The RTG campaign scenario is great for solitaire play due to the delayed arrival of the Army of the Potomac (AoP). Until that time, the Confederates move virtually unchallenged through Pennsylvania racking up points.

Let's consider a game where the AoP arrives on the map as late as possible, i.e. July 2 (Turn 10). This comes from result "D" on the "July 1" column of the arrival table (1st increment, following day). This late arrival means that the Confederates need to score 20 additional points for each level of victory:

VP table
as written
late arriving
70 90 marginal
85 105 substantive
100 120 decisive

Where are all the Confederate points going to come from?

Low-hanging fruit:

  • 10 pts for surrender of all "HF" units (half of 19 manpower)
  • 12 pts for six 2-point levies
  • 5 pts for five 1-point levies
  • 6 pts for levy of York

33 points

  • A levy of Harrisburg is not as easy, but if accomplished yields 12 points.

45 points

  • There are 25 manpower points in the PA militia, but the CSA can't count on all 25 as VP. Some will retreat off the map, and the CSA may lose manpower in the process. Let's say a net gain of 15 points?

60 points

  • Confederates cannot enter central Maryland until the AOP arrives. This opens up 14 points worth of B&O RR stations to destroy (but requiring infantry, since cavalry can only cause damage).

74 points - still 16 short of a marginal victory (if the AoP arrives late).

County control will be the determining factor.

  • Adams (25), Frederick-West (28), or York (30): marginal @ 99, 102, or 104 points
  • Frederick-East (40): substantive @ 114 points
  • Carroll (50), Baltimore (60), or Howard (70): decisive @ 124, 134, or 144 points

Let's now assume that President Lincoln has ordered the AoP into defensive positions around Washington and it never arrives on the RTG map! This is not permitted by the AoP deployment rules, but may have been an option historically - call it "Lincoln Command Paralysis" or "Protect Washington above all else."

Confederate units (in this event) are never allowed entry to central Maryland (per scenario rule), which means none of the B&O RR stations will be destroyed. We're back on 60 points, with only York and Adams counties eligible for CSA control.

  • Adams: 25 + 60 = 85
  • York: 30 + 60 = 90

Just short of (or barely squeaking by with) a 90-point CSA marginal victory, even after all that marching, levying, HF garrison capturing, and PA militia mauling!

Arrival of the AoP

OK. Back to the rules as written. The AoP must arrive on the map at some point. The problem is that they arrive on the south edge of the map, and must march through Maryland at their 1862 snail's pace. But in June 1863 the Army of the Potomac was a completely different animal. The long marches of the AoP in late June were quite amazing.

Take for example the 6th Corps:

On Saturday [June 27], they marched 12 miles from the Potomac river to Poolesville, then camped for the night. That was just a warm-up, though, for the 63 miles they’d cover over the next three days:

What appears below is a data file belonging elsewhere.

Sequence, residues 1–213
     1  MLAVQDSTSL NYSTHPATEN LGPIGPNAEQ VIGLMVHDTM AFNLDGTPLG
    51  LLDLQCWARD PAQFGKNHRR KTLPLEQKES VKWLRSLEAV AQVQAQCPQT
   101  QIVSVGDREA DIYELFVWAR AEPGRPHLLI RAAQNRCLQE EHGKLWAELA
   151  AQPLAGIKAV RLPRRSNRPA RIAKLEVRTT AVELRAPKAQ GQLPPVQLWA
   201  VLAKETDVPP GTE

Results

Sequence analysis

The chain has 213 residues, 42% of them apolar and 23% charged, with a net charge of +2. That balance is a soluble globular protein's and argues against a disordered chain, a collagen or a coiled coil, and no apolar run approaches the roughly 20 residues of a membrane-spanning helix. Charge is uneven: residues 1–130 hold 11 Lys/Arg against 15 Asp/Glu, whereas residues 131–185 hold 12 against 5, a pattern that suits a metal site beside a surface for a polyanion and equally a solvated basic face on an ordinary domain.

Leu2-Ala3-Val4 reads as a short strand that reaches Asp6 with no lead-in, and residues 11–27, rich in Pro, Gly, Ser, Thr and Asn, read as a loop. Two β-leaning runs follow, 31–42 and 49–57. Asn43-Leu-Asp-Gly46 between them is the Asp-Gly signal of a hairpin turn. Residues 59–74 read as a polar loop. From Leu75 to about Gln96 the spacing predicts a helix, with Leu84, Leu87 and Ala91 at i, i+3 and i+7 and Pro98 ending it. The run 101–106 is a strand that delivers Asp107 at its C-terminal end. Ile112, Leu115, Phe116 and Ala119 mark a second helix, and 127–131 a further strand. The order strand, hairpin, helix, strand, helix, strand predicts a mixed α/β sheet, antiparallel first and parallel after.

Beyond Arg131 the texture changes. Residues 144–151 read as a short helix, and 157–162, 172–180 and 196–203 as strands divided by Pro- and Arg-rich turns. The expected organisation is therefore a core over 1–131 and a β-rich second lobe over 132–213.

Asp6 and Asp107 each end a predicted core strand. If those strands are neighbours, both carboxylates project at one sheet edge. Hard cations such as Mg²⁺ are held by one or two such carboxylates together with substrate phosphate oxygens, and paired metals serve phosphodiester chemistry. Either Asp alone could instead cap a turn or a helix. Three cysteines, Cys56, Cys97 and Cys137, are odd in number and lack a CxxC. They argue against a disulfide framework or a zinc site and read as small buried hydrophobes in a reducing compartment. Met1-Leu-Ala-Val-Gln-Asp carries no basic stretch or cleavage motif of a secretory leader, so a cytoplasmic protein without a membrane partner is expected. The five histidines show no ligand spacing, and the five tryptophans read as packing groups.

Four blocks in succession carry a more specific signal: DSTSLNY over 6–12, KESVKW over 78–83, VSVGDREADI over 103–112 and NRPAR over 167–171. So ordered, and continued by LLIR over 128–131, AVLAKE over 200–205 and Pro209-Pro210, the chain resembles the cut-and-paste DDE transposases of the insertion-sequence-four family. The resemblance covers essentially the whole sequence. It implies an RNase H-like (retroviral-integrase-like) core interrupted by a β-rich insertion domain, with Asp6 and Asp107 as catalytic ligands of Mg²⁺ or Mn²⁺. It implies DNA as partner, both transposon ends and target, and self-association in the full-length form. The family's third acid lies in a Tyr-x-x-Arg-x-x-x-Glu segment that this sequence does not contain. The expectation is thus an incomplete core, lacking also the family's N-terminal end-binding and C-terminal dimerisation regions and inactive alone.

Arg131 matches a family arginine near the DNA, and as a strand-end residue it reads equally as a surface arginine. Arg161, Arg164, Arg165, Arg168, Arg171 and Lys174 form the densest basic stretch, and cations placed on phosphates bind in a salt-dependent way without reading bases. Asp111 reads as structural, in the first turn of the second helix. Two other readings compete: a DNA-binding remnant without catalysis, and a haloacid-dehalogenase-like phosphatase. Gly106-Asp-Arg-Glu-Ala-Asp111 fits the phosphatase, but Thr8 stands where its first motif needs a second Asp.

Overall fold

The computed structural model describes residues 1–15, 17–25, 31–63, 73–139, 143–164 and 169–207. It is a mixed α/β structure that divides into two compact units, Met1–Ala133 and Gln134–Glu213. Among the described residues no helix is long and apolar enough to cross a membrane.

• 18 miles from Poolesville to Hyattstown
  • 22 from Hyattstown to New Windsor
  • 23 miles from New Windsor to Manchester.

A day of rest on July 1, then at dusk came an urgent order to proceed to Gettysburg: By the shortest route, from Manchester south to Westminster, then west down the Baltimore Turnpike through Union Mills and Littlestown to Gettysburg, the corps would have to cover 38 miles. And they would have to be there by midday on Thursday [July 2].

In five long marches (June 27, 28, 29, 30, and overnight July 1-2) the 6th Corps marched 113 miles!

Every corps of the AoP achieved similar prodigious marches during the advance. Never before (and not again, until the pursuit from Petersburg to Appomattox) did the AoP march so far, so fast.

In 1862, the AoP averaged something like 6 miles a day. Suddenly they are marching 20 miles plus per day. This rapid advance had a huge impact on Lee's conduct of battle and our understanding of his decisions. Lee could not believe that the entire AoP was on the field by July 3, therefore...Picket's Charge? Also, let's not place so much blame on Stuart for his "late" arrival at Gettysburg: Stuart was not late...the AoP was early!

These long marches in Maryland are impossible under GCACW movement rules, even with the "bonus cycles" permitted by campaign rule 6.0.

Historically the AoP was in northen Maryland on July 1. Since the Confederate infantry can't enter central Maryland until the AoP arrives they will offer no interference if we simply allow the AoP's three increments to setup directly in northern Maryland.

Ignore rule 6.0. Instead, place the entire Army of the Potomac directly on the map in the arrival phase of July 1st (Turn 9).

  • Place all arriving units on road or pike hexes in Maryland, east of the Catoctin Mountains.
  • Infantry and artillery units may not stack; cavalry and leaders may.
  • Infantry units must each setup adjacent to another unit of the same corps.
  • 1st increment: within 4 hexes of the Pennsylvania border.
  • 2nd increment: 5 to 8 hexes from the Pennsylvania border.
  • 3rd increment: 9 to 12 hexes from the Pennsylvania border.
  • There are no CSA victory points lost in connection with the AoP arrival.
  • All units arrive at F0 and unexhausted.

With this new arrival method, the victory points tallied above (85 and 90 points - for Adams and York counties respectively, plus all other available VP's) put the CSA near (or within) the substantive victory range. This seems reasonable for an unopposed Confederate pillaging of Pennsylvania. The Union is therefore forced to be proactive in response.